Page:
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This method is a compilation of things I have learned from others, adapted to my own style for what works for me. I hope it will work for you too. I am not associated in any way with APQS (American Professional Quilting Systems) except that I bought my machine from them, and I like it.

You may want to print this and have it next to the machine while you work. Just out of curiosity, I’d like to know if it has helped you, so if you get time, I’d love it if you’d shoot off a quick e-mail to let me know if this has been any help. Thanks. angela@meadowlyon.com

Lining

Measure the lining, top, and batting, and decide which way you want each to go with each one. Write these numbers down!

You need at least one straight edge on the lining. You can find out how to do this by asking other quilters, writing me, or at the beginning or end of some magazines, they have pictures and show how to do it. Also quilting books can show this.

On the freehand side of the machine, if you lean against it, is the lining roller; the one above and behind it is the top roller, and the take-up roller is under the machine head.

Roll down the leader of the lining roller about 2-3 feet. Then whip it backwards and up over the top roller and drape it back down on top of the lining roller. Roll it until the edge comes to the edge of the roller. The top roller should be covered.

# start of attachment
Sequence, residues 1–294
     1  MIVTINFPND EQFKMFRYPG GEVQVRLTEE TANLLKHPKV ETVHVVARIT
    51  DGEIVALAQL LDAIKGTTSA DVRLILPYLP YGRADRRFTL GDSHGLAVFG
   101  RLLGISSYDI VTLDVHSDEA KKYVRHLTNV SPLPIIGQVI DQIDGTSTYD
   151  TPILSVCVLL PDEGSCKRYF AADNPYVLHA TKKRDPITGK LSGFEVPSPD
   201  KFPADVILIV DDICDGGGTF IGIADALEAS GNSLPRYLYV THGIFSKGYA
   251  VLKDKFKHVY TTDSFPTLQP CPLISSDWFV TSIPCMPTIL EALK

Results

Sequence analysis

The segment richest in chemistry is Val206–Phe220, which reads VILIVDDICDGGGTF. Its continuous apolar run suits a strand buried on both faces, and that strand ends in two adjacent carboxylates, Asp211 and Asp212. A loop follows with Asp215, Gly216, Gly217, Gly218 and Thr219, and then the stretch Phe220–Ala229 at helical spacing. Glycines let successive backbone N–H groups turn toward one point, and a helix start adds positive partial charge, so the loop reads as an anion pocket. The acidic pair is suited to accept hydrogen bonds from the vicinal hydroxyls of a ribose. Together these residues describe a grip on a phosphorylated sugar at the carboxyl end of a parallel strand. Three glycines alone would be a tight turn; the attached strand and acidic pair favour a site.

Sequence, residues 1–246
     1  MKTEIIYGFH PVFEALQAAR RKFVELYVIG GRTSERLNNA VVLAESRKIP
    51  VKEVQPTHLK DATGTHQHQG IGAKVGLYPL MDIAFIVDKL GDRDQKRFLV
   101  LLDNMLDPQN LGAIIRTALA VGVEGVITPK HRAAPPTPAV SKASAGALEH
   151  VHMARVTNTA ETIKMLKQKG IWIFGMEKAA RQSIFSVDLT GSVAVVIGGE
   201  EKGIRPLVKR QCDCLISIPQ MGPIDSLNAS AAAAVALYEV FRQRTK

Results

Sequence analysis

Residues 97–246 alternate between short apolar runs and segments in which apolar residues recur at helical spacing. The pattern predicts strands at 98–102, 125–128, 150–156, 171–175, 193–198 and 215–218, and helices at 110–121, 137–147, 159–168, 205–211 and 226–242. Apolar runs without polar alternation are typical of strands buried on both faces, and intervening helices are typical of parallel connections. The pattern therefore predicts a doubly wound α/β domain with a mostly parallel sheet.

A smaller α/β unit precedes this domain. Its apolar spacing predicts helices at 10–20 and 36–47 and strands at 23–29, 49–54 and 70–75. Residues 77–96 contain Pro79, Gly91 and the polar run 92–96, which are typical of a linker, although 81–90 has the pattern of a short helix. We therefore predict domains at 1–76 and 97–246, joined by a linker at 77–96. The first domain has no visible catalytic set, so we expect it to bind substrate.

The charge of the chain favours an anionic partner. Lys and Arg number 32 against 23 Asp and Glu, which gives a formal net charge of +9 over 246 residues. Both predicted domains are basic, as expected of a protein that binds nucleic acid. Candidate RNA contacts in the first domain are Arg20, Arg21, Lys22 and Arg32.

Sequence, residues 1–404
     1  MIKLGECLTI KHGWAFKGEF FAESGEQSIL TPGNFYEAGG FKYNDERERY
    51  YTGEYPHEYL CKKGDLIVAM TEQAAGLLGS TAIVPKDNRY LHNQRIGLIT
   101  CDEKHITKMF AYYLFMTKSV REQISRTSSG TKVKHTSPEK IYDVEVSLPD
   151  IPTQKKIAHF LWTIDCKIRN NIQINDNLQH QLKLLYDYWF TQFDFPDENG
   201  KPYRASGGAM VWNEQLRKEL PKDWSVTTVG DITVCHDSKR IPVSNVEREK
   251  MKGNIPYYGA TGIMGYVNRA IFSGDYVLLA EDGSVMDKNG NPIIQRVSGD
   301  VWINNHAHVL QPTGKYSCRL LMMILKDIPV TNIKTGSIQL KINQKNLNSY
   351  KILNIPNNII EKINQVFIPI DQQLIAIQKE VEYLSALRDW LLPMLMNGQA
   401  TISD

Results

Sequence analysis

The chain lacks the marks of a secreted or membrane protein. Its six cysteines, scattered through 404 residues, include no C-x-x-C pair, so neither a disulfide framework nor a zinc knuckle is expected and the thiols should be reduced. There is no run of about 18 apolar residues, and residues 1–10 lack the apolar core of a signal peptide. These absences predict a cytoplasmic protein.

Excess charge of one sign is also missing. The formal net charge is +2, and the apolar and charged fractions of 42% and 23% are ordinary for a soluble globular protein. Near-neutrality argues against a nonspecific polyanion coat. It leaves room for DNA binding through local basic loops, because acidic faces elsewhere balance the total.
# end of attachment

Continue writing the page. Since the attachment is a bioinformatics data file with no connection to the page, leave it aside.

At this point, my personal favorite is using the selvedge edge of the lining. It’s usually straight, with no bias. While pinning, I pull it a LITTLE tight, as it tends to be tighter than the rest of the fabric and should be stretched out a little. You can also use the one straight edge that I mentioned before. Pinning instructions are next.

Take the lining and drape it over the take-up roller. Lay the whole straight edge smooth, matching centers if you’d like (I never do this anymore), and even with the edge of the leader. Lift both up, and holding them together in front of you, pin the center of the lining to the center of the quilt, about 1/8 to ¼ inch away from the edge. Your pins should be going into the leader first, the fabric behind it. Pin every 3” or so, down to the end, and then come back to the center, pinning the spots in between. Then do the same towards the other end. Your pins should be head-to-head.

Unroll the leader on the take-up roller until it is 1” or so above the table (I do this before I begin pinning the lining at all.) Go to the panto side, and pull the lining clear down to the floor, making it taut. Smooth it out. Then go back to the other side and slowly roll it, keeping it as straight and smooth as possible. Sometimes the take-up roller will move as well. Just do the best you can. I lean down and look under there, and when it the first spot of the lining becomes even with the take-up leader, stop rolling. Then UNroll it a little to give some slack, about 6 inches or so. You will see at this point, places where it’s not even with the leader. It’s okay. It may be because: 1. The edge of the leader(s) are not straight (if you need help with this, write me), or 2. The lining isn’t square. It’s better to have it a little long, than short. The shortest edge of the lining should be even with the leader, or a tiny bit longer.